Also Shaikh reckons that it is expectations of future profit on new investment that is decisive in the movement of business investment, not the mass or the rate of profit on the existing stock of capital invested.  Yes, capitalists invest on the expectation of profit but that expectation is based on what their actual profitability was before.  So the profitability on existing capital is what matters.  Otherwise, the expectation of profit becomes some ephemeral subjective measure, like Keynes’ animal spirits’.  Indeed, as I quote Paul Mattick in my paper, “what are we to make of an economic theory …. which could declare; “In estimating the prospects for investment, we must have regard therefore, to the nerves and hysteria and the digestions and reactions to the weather of those upon whose spontaneous activity it largely depends” (Keynes).

My paper concludes that different economic policy conclusions flow from the Marxist or Keynesian view of what drives investment.  The Keynesian multiplier reckons that it is demand that drives investment and if consumer and investment demand is low or falling, a suitable boost of government investment and spending can compensate and so pump prime or boost the capitalist economy back on its feet.

But when we study the evidence of the efficacy of the Keynesian multiplier, as I do in this paper, it is not compelling.  On the other hand, the Marxist multiplier, namely the effect of changes in the profitability of business capital on investment and economic growth, is much more convincing.  Thus Keynesian fiscal and monetary stimulus policies do not work and do not deliver economic recovery when profitability of capital is low and/or falling. Indeed, they may make things worse.

At the plenary I pointed out that Donald Trump plans some limited form of Keynesian stimulus by government spending on infrastructure programmes worth about $250bn.  I have discussed these plans and their fake nature before.  But even if they were genuine increases in state investment, it will do little.  Business investment as a share of GDP in most advanced capitalist economies is around 12-18% of GDP.  Government investment is about 2-4%, or some four to six times less. That’s hardly surprising as these are capitalist economies!  But that means an increase of just 0.2% of GDP in government investment as Trump proposes will make little difference, even if the ‘multiplier effect’ of such investment on GDP growth were more than one (and evidence suggests it will be little more,LEEPER_LTW_FMM_Final).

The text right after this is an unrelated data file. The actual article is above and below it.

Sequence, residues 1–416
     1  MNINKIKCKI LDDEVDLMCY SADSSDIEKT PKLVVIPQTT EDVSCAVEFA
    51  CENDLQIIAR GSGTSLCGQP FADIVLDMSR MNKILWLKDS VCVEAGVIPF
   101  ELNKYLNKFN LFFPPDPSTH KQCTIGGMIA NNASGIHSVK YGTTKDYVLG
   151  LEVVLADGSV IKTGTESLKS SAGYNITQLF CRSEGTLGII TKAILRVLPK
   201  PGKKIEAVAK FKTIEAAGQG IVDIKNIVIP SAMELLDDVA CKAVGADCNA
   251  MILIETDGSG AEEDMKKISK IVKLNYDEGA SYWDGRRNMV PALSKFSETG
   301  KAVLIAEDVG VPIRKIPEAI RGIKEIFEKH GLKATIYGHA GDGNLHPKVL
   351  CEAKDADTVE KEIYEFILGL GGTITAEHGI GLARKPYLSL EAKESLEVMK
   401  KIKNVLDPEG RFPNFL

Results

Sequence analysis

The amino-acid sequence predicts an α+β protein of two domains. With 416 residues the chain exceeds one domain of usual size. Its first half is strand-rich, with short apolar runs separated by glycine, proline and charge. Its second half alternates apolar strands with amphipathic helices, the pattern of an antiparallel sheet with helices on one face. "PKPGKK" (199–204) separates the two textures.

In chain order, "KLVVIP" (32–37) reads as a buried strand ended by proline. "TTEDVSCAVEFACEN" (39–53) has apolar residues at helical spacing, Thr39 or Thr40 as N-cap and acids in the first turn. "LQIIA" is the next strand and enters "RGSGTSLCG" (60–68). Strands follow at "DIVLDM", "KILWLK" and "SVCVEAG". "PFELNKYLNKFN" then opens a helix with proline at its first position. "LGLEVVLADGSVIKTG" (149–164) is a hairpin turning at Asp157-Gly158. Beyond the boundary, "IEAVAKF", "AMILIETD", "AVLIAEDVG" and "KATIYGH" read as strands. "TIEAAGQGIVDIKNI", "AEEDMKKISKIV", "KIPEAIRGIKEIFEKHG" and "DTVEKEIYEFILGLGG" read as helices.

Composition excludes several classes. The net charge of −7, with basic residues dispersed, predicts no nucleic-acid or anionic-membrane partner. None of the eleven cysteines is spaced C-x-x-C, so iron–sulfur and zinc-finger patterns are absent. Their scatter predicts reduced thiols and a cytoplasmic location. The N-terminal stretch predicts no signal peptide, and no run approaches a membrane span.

What matters under capitalism is profit because the capitalist mode of production is not just a monetary economy as Keynesian theory emphasises; it is, above all, a money-making economy.  So without profitability rising, capitalist investment will not rise.  This key point was the starting point of another session on Fred Moseley’s excellent book, Money and Totality, which explains and defends Marx’s analysis of capital accumulation, his laws of value and profitability, from competing and distorting interpretations. I have reviewed Moseley’s book elsewhere.

But the key points relevant to this post are that Moseley shows there is no problem of reconciling Marx’s law of value (based on all value being created by labour power) with relative prices of production and profitability in a capitalist economy.  There is no need to ‘transform’ labour values into money prices of production as Marx starts the circuit of production with money inputs and finishes it with (more) money outputs.  The law of value and surplus value provided the explanation of how more money results – but no mathematical transformation is necessary.

But this also means that for Marx’s law of value to hold and for total value to explain total prices (and for total surplus value to explain total profits), only labour can be the source of all value created.  There cannot be profit without surplus value.  That is why I disagree with Anwar Shaikh’s view that Marx also recognised profit from ‘alienation’, or transfer.  I have explained where I disagree here.

The danger of accepting that profit can come from somewhere else than from the exploitation of labour power is that it opens the door to the fallacies of mainstream economics, particularly Keynesian economics, that creating money or credit can deliver more income (demand) and is not fictitious but real value.  If that were true, then monetarism and Keynesian policies become theoretically valid options for ending the current Long Depression and future slumps without replacing the capitalist mode of production.  Luckily, the view that profits can be created out of money and by not exploiting labour is demonstrably false.

Gaining momentum?

April 19, 2017

At its semi-annual meeting that started this week, IMF economists announced an upgrade in their forecast for global economic growth.  This is the first upgrade that the IMF has made for six years.  It was only a slight increase in its previous forecast of growth made in January. The IMF now expects world real GDP to rise 3.5% this year (compared to 3.4% before) and 3.6% next year (unchanged).